One of their first shared activities was barnstorming throughout the U.K. Then they got backing from Poole & Powls, a small but successful firm running a flight training school/flying club at what came to be known as Woodley Aerodrome, near Reading, about 35 miles west of London.


Blossom at the draughting table. Judging by the outfit, I’d guess this photo was shot the same day as the couple’s photo above.

Blossom worked at Poole & Powls/Miles Aircraft as principal designer, structural analyst and draughtswoman. In 1938, the British government, not without controversy, inaugurated a Civil Air Guard, its purpose training pilots—of either gender. Blossom served as one of the CAG’s five commissioners.


The Miles home, Land’s End, Twyford, displays Blossom’s sense of style.

With the coming of World War II, Blossom anticipated the need for women in the aircraft workforce in positions other than secretaries and typists. Women trained by her in the company’s Experimental Department’s Liverpool Road drawing office became known as “Blossom’s Babies.” In 1943, she established the Miles Aeronautical Training School preparing young men and women for careers in aviation.


Miles Aircraft Works Magazine, complete with Blossom’s sketches.

With aircraft development becoming more specialized during WWII, Blossom left the direct design work to others. She expanded company benefits to include newsletters, amateur dramatics with the Aerodrome Players and other morale-building efforts.

Caught up in post-war British economic doldrums, Miles Aircraft went bankrupt in 1947.

Blossom and F.G. had two children, Jeremy born in 1933 and Mary Susannah born in 1939.

F.G. died in 1976, age 73. Blossom died at age 82 in 1984.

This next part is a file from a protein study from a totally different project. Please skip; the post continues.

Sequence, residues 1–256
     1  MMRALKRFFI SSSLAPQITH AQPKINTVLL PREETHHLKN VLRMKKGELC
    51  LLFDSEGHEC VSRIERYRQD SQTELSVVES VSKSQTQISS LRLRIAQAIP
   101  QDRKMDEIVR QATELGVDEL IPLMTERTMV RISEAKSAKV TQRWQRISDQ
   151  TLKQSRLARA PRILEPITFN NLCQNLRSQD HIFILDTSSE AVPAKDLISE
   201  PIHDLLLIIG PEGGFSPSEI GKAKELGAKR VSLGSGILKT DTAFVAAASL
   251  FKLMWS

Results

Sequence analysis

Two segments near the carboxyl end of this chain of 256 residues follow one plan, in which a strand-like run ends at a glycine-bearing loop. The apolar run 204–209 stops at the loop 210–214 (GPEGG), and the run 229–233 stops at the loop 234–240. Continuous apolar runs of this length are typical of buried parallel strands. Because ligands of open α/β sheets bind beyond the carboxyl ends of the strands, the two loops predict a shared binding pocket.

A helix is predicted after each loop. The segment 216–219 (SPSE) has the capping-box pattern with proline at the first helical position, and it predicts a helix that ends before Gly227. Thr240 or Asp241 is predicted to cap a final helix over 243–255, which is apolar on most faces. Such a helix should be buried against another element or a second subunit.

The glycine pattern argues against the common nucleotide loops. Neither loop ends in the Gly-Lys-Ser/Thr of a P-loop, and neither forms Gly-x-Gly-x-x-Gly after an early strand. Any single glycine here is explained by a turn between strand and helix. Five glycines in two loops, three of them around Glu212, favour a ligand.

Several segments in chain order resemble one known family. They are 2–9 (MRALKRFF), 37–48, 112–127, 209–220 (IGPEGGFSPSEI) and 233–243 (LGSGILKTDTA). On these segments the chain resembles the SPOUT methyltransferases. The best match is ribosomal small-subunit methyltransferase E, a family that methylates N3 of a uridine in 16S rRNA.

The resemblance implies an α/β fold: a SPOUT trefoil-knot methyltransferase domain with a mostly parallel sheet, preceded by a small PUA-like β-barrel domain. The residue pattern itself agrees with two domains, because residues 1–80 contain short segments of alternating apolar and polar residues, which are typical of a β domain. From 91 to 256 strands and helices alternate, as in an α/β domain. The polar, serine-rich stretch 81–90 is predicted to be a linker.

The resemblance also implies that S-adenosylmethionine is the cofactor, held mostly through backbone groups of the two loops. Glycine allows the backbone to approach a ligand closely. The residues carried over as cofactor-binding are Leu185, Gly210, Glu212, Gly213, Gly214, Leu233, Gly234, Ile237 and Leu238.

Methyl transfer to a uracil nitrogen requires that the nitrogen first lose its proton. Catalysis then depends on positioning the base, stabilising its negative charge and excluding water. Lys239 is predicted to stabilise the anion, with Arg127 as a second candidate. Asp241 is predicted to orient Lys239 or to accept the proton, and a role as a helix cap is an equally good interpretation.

In a couple days, I’ll write about their M.57 Aerovan. ds

© Dennis Simanaitis,, 2014


  1. Sarah Chambers
    September 3, 2018

    Have you any idea who Tommy Rose was married to in the 1930’s I understand she was a debutante and friend of Blossom? Tommy was a pioneer aviator, WW1 fighter ace and was the companies test pilot. Tommy divorced her and married Beatrice Deverell in 1941.

    • simanaitissays
      September 3, 2018

      Hello, Sarah,
      As you note, my sources also cite Tommy Rose being a WWI ace, test pilot, and long-distance record-setter during the 1930s, for instance, his record England/South Africa flight in May 1937: 3 days 17 hours 38 minutes. Alas, nothing about his personal life.

    • simanaitissays
      September 3, 2018

      Upon further digging in the book “Blossom,” there are several Rose mentions, including his being a bon viveur and “… in a [Miles] Master chasing a German bomber ‘armed only with a revolver!’ ” The Master first flew in 1939, so his bon viveur status clearly continued. He died, age 73, in 1968.

  2. Richard Falconer
    October 15, 2018

    Another biography says that George Miles married Corrine Mackenzie in 1939.
    Is this a case of confusing George Miles with his brother ?

  3. Keith Bratt
    April 11, 2019

    Don L Brown’s Miles Aircraft brought me here. He is somewhat coy about the romance (i.e. he completely ignores it) but it was written in 1970 when F.G. and Blossom, both long-time colleagues, were still alive.

    Minor pedantic point – the firm based at Woodley was Phillips and Powis Ltd.